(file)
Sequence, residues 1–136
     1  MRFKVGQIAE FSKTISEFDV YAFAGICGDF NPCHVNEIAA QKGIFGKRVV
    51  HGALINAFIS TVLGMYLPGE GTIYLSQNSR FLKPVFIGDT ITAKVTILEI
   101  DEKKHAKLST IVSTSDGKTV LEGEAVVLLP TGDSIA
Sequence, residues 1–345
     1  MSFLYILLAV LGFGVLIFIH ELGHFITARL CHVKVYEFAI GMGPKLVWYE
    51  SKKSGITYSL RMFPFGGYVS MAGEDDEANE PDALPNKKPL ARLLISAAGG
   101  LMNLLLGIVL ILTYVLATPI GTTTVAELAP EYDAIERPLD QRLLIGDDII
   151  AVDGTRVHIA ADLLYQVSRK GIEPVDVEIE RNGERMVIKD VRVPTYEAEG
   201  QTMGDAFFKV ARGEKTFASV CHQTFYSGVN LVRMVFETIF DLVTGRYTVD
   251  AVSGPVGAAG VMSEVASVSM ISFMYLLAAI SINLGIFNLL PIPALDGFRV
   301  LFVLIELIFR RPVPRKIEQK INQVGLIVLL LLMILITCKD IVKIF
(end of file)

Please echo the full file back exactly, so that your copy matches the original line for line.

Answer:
Sequence, residues 1–136
     1  MRFKVGQIAE FSKTISEFDV YAFAGICGDF NPCHVNEIAA QKGIFGKRVV
    51  HGALINAFIS TVLGMYLPGE GTIYLSQNSR FLKPVFIGDT ITAKVTILEI
   101  DEKKHAKLST IVSTSDGKTV LEGEAVVLLP TGDSIA
Sequence, residues 1–345
     1  MSFLYILLAV LGFGVLIFIH ELGHFITARL CHVKVYEFAI GMGPKLVWYE
    51  SKKSGITYSL RMFPFGGYVS MAGEDDEANE PDALPNKKPL ARLLISAAGG
   101  LMNLLLGIVL ILTYVLATPI GTTTVAELAP EYDAIERPLD QRLLIGDDII
   151  AVDGTRVHIA ADLLYQVSRK GIEPVDVEIE RNGERMVIKD VRVPTYEAEG
   201  QTMGDAFFKV ARGEKTFASV CHQTFYSGVN LVRMVFETIF DLVTGRYTVD
   251  AVSGPVGAAG VMSEVASVSM ISFMYLLAAI SINLGIFNLL PIPALDGFRV
   301  LFVLIELIFR RPVPRKIEQK INQVGLIVLL LLMILITCKD IVKIF